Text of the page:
Injuries have been jolted the Philadelphia Eagles to start the 2023 campaign. The team is down several key starters through the first four weeks, including right guard Cam Jurgens. Not to worry, the backup plan at that position brings certifiable street cred.
Sua Opeta will draw the start at right guard when the Eagles take on the Rams in Los Angeles. The 6-foot-4, 305-pounder graded out very well in relief of Jurgens last week — “outstanding,” according to head coach Nick Sirianni — and now he’ll be tasked with blocking Aaron Donald in Week 5. Opeta is ready for the challenge.
“When you’re getting in and you’re playing well your confidence just shoots up,” Opeta told reporters. “I’m really confident in my own ability to play so it’s cool I get to go out there against Aaron Donald now and prove that.”
Opeta, who has received snaps at tackle and guard over his five-year career, has long been a favorite player among his teammates in the locker room. He’s a guy who has all the physical traits, plus he puts his hard hat on and goes to work. No questions asked.
“He’s got that zero to 60 torque, too. He’s got a little Tesla torque to him,” Jason Kelce said. “Sua’s come a long way in his career here in Philadelphia, and he does some amazing things and when he’s on he’s a pretty unbelievable player.”
The undrafted kid out of Weber State be making his fifth career start when he takes the field on Sunday afternoon, although he’s seen plenty of meaningful snaps over the years. Opeta received 43 snaps last week after Jurgens left with a foot injury.
“You can’t collect dust. You always gotta be ready,” Opeta said. “That’s the hard part about being a backup is you always have to go in with that mindset that you’re going to start but it’s easy to kind of like chill out, I guess.”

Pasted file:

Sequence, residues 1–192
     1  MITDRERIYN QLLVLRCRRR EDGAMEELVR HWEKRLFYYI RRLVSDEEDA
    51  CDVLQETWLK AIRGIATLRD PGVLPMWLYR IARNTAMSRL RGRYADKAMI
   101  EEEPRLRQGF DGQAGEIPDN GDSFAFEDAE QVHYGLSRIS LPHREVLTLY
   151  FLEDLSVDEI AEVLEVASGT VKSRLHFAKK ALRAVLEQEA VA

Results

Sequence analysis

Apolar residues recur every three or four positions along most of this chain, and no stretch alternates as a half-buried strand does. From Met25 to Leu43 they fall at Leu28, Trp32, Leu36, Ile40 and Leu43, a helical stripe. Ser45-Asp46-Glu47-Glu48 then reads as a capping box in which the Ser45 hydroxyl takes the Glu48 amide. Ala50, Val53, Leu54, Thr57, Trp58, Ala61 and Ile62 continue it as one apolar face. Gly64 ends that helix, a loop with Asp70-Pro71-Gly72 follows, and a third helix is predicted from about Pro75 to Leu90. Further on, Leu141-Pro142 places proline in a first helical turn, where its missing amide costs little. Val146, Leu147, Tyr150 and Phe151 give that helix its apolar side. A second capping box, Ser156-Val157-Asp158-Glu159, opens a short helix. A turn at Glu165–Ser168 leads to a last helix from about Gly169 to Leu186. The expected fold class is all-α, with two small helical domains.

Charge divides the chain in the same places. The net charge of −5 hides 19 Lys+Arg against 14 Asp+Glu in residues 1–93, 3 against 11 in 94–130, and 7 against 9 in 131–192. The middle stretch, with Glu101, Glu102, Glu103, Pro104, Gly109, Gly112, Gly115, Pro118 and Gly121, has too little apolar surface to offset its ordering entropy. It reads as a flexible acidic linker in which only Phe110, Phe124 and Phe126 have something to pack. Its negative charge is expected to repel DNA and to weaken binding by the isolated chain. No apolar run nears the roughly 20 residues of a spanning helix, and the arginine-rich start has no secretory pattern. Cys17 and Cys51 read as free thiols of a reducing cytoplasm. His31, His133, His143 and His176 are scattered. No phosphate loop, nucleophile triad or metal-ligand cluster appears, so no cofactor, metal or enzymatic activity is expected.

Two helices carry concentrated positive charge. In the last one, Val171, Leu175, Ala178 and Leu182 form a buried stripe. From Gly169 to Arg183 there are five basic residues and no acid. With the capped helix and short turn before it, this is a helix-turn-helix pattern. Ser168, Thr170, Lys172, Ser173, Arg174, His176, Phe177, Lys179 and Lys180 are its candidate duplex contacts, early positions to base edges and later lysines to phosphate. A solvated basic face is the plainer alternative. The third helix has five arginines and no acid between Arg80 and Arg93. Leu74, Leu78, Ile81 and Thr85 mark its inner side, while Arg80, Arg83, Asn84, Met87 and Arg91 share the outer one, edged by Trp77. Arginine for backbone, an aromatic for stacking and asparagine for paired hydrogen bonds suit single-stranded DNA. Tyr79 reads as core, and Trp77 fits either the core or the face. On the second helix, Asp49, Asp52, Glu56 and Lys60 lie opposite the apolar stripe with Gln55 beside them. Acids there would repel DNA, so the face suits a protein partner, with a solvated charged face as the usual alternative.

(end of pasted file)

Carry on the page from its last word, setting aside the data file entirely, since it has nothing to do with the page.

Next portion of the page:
Bradley Roby Getting Up to Speed at CB
The Eagles could have a new starter in the slot if Bradley Roby can learn the defense in time. The 31-year-old cornerback was signed to the practice squad on October 4 which gives him just four days to prepare for the Los Angeles Rams.
Roby, a first-round pick in 2014, told reporters his top priority right now is picking up Sean Desai’s scheme. He hasn’t even started studying the Rams’ receivers in detail yet. “I don’t think it should take long to get ready,” Roby said.
It helps to have a few familiar faces in the locker room, too. Roby said he trains with Darius Slay in the offseason and Justin Evans was a teammate during his time in New Orleans. Ditto for Zach Cunningham when the two were on the same roster in Houston. But the main reason why he joined the Eagles was the chance to play in an “elite” secondary. Roby can’t wait to suit up next to Slay and fellow Pro Bowler James Bradberry.
“That’s going to be a dope combination I feel and that was one of the reasons why I decided to do that because there’s nothing like playing with other elite guys,” Roby said. “And I’ve been that way when I was playing for the Saints the past couple of years and back in my Denver days, and it’s great when you have great, elite, smart players to play with because you feed off each other and you make plays off each other.”
Jason Kelce Addresses ‘Brotherly Shove’ Controversy
The infamous “Brotherly Shove” play (formerly known as the “Tush Push”) has been a talking point across the league in recent weeks. The NFL Competition Committee has even debated banning it as opposing coaches continue to cry foul over the legality of the play. Now the league has told the Eagles they are going to start putting it under the microscope, specifically by looking more closely for neutral zone infractions.
“The sneak play … they gave us full warning that they are going to start looking for offensive players sneaking into the neutral zone as well,” Kelce said.
Eagles’ left guard Landon Dickerson was flagged for a penalty last week against Washington. Let them monitor it, says Kelce. The Eagles aren’t doing anything wrong.
“I think whenever there’s controversy around something there tends to be more attention on it and it tends to be called more,” Kelce said. “I think that happens often especially early on in seasons when there’s a lot of emphasis made on new rules that they want to emphasize so you just gotta try that much harder to make sure you’re being legal. And there’s no way they can call it.”
Photo by Andy Lewis/Icon Sportswire